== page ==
When she was nine, she insisted on auditioning for the role of Tiny Tim at Trinity Rep’s “A Christmas Carol” rather than the role of Cratchit’s daughter. She got the role, breaking the gender barrier at Trinity.

She went with me when she was 13 to attend the first Women’s March in Washington, D.C., in 1989, an incredibly powerful event. In high school she started a Gay/Straight Alliance, which didn’t have the support of her school, but she persevered, seeking Brown students to help launch the Alliance.

Recently I was in New York City helping my daughter with her little girls. On a Saturday morning two months ago, we decided to take Ray, three and a half, and baby sister Shirley, to the Guggenheim Museum to see the [Swedish artist] Hilma af Klint exhibit [if you have the opportunity, do go]. Ray was in the umbrella stroller pushed by her mother. I had Shirley strapped to me in the Ergo Baby, which is her absolute happy place.

En route to the subway we approached the local Planned Parenthood clinic on Bleecker Street. Every Saturday there is one woman with her photos, protesting a woman’s right to choose. She shows up religiously.

However, on this particular Saturday, we saw more than a hundred Right to Lifers plus at least a dozen police officers. Across the street from them was a very small group of counter protesters. As we got closer to the large group, my daughter told me she was really fed up with them and was going to tell them how she felt.

So she pushed the stroller over to the Right to Life group. I decided I would join the small group and sing familiar protest songs with them, which baby Shirley seemed to enjoy.

With Ray in the stroller next to her, my daughter stood within inches of the first row of the Right to Life group. Using her very best stage voice, she addressed the crowd. And she knew how to project. As a child actor she appeared in many Trinity Rep productions as well as other regional theater productions.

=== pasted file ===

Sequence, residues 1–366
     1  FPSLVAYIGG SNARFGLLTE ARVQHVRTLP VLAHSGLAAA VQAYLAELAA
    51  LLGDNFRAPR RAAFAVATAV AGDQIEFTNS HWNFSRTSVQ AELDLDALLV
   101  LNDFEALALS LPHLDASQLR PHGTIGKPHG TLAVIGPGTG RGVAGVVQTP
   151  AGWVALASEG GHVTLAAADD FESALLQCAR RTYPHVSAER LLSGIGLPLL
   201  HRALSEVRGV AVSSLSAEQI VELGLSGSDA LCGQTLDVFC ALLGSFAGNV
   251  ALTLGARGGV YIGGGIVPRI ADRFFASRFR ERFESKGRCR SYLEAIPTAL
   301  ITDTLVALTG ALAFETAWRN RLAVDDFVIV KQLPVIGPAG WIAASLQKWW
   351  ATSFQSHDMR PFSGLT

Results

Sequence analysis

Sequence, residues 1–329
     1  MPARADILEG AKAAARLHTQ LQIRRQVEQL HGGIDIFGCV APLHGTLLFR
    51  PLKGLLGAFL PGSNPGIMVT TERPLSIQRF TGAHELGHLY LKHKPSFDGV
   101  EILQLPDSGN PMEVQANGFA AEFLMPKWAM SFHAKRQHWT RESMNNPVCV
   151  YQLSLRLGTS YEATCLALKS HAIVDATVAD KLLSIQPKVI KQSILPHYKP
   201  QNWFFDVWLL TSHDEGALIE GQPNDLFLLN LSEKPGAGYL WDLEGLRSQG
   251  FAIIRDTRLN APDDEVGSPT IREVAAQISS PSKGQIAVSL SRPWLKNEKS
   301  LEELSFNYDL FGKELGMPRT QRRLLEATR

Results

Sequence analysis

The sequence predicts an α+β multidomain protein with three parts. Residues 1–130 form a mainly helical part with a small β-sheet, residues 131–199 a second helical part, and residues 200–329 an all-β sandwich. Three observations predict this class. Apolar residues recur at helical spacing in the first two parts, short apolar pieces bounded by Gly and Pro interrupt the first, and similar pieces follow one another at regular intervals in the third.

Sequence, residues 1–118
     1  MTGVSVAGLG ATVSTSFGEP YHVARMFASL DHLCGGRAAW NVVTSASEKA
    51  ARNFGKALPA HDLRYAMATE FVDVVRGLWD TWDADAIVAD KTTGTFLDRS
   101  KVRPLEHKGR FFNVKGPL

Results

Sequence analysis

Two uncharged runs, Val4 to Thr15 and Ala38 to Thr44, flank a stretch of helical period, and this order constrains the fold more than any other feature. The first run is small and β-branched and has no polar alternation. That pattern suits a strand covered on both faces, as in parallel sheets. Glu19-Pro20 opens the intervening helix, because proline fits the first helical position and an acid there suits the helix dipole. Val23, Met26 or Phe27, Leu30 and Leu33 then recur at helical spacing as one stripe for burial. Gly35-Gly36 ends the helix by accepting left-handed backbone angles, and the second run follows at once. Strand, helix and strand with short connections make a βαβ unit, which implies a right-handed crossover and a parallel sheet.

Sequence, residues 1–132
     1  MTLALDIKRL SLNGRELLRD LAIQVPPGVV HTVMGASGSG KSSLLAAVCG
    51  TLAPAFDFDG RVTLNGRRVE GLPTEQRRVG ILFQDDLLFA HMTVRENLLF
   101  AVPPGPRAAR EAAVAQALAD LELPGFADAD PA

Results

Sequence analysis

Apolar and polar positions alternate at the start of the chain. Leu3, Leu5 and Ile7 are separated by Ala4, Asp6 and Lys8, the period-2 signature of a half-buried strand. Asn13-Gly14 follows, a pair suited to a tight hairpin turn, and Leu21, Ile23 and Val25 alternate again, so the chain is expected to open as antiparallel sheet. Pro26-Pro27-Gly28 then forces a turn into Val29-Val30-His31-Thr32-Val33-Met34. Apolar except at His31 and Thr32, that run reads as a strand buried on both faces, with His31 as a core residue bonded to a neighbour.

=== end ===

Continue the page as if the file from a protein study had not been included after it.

She basically lit in to the crowd. She told them what she thought of their antics, their attacks on reproductive freedom, their hubris about women’s autonomy and their bodies, and that they should care more about the children in cages at the borders. They pretty much kept on praying during her rant and didn’t make eye contact with her. But they definitely heard her.

The police officers stood very close to my daughter and seemed genuinely interested in her comments. Some of them were even smiling. My daughter ended her comments with this: “And you need to know that what you’re doing to women in this country is unconscionable.”

With that last statement, she pushed the stroller away and headed for the subway. Shirley and I caught up with her as we approached the stairs leading to the subway station. Ray climbed out of her stroller to walk down the steps. And, as she was walking down the steps, she kept repeating: “It’s unconscionable. It’s unconscionable. It’s unconscionable.”

The baton has also been passed to Bella’s great great granddaughter.

Toby Simon is a frequent contributor to ConvergenceRI.


No comments on this story | Please log in to comment by clicking here
Please log in or register to add your comment

© | subscribe | contact us | report problem | About | Advertise

powered by creative circle media solutions

Join the conversation

Want to get ConvergenceRI
in your inbox every Monday?

Type of subscription (choose one):

We will contact you with subscription details.

Thank you for subscribing!

We will contact you shortly with subscription details.